Good morning. Our first item of business this morning is time for reflection. Our time for reflection leader is our local parish minister, the Rev Neil Gardner, who has been a great friend to the Parliament. I am delighted to have him here on the last morning of the session to give us time for reflection.
The Rev Neil Gardner (Canongate Kirk, Edinburgh):
It is good to find myself on duty again in this particularly modern corner of the ancient parish of Canongate. Just the other day, I was on parade in another distinctive part of my parish, across the road at the Palace of Holyroodhouse. His Royal Highness the Duke of Kent, in his capacity as colonel of the Scots Guards, had come up to present a number of Elizabeth Crosses to the families of Scots Guardsmen who lost their lives on active service. Those were not necessarily recent losses, but stretched back on this occasion as far as 40 years to Northern Ireland in 1971.
By contrast, the Elizabeth Cross is a relatively new concept. It was established by the Queen in 2009 and is awarded to the immediate families of all military personnel who have been killed in action to recognise the family’s sacrifice, too, in the loss of a husband or father, wife or mother, brother or son, sister or daughter. For families who have been quietly bearing their losses for forty years or more, it is important for them to know that they have not been forgotten. Last week’s ceremony across the road demonstrated exactly that.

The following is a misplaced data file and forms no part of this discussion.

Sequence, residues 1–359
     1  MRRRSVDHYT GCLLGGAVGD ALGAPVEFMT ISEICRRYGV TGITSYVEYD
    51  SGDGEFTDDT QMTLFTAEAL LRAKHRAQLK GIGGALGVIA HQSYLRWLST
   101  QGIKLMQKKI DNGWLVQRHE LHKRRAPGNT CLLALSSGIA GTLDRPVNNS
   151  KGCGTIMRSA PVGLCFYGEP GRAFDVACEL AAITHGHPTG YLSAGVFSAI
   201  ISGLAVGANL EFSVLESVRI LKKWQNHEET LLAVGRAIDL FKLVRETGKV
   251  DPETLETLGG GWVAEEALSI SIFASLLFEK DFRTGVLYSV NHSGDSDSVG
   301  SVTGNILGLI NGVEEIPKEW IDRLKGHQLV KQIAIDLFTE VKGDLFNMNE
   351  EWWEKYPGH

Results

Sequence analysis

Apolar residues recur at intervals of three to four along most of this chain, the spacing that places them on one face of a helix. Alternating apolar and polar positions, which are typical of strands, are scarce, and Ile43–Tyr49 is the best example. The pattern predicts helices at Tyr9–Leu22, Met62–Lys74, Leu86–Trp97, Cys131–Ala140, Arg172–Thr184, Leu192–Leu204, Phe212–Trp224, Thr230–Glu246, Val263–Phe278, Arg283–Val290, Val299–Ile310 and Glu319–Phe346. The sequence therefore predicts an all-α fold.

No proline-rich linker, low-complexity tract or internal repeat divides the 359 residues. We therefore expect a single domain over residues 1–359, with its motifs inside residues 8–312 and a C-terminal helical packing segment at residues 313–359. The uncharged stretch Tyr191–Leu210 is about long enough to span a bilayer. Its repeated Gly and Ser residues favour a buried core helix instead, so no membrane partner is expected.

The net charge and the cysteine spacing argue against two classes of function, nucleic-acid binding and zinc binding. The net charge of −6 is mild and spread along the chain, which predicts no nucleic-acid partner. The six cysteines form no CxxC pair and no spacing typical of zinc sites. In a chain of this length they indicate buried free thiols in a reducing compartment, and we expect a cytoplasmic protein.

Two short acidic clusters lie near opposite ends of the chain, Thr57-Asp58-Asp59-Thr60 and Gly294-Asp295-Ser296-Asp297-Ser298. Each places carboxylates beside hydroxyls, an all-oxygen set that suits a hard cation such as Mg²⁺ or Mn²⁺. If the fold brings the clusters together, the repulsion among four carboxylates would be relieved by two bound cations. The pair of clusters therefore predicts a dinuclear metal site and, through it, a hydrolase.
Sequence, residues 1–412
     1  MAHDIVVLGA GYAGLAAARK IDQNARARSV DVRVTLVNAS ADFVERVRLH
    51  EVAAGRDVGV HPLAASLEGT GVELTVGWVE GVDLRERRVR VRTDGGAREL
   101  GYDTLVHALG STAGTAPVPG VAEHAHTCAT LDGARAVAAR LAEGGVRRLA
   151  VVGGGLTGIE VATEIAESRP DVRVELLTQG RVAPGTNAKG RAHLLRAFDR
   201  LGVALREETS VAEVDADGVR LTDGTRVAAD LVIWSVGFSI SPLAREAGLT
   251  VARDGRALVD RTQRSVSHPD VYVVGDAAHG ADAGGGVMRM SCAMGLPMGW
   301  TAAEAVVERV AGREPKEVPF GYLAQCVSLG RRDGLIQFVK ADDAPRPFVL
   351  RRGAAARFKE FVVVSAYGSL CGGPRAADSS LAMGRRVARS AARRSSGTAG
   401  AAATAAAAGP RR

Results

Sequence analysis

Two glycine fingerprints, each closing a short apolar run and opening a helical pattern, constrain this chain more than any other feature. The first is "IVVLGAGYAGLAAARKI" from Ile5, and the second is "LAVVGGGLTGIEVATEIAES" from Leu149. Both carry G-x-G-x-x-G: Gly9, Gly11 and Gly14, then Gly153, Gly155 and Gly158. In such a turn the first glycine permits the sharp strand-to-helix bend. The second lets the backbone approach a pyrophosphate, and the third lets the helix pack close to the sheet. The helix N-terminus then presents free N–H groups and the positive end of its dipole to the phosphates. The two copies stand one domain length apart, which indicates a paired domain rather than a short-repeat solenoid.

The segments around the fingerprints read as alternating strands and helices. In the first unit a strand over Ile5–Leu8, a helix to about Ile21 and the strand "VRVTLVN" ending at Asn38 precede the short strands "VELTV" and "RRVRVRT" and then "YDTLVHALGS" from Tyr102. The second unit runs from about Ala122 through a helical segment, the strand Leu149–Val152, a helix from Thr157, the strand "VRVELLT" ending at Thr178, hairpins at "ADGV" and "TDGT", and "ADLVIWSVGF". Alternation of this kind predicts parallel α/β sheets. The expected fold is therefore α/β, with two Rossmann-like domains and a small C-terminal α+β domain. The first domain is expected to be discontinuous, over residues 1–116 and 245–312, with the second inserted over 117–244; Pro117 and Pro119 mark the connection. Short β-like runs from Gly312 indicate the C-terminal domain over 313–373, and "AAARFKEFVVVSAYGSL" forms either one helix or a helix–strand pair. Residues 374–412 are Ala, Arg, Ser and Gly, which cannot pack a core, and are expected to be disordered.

In the Christian calendar, this penitential season of Lent is also a time for remembering sacrifice—most vividly in the poignant symbol of the cross. As the 40 days and 40 nights unfold and as Easter looms ever closer on the horizon, the church remembers once again the suffering and sacrifice of Jesus, his death on the cross and his rising again from the tomb. As one of our old familiar hymns puts it,
“When I survey the wondrous cross
On which the Prince of Glory died,
My richest gain I count but loss,
And pour contempt on all my pride.”
The worldwide family of the church finds great strength in that wondrous cross, for it reminds us not just of the crucifixion and resurrection of Jesus, but that because of it we have not been forgotten.
“For God so loved the world”,
which is every bit as troubled now as it was then,
“that He gave His only Son, that everyone who has faith in Him may not perish, but have eternal life.”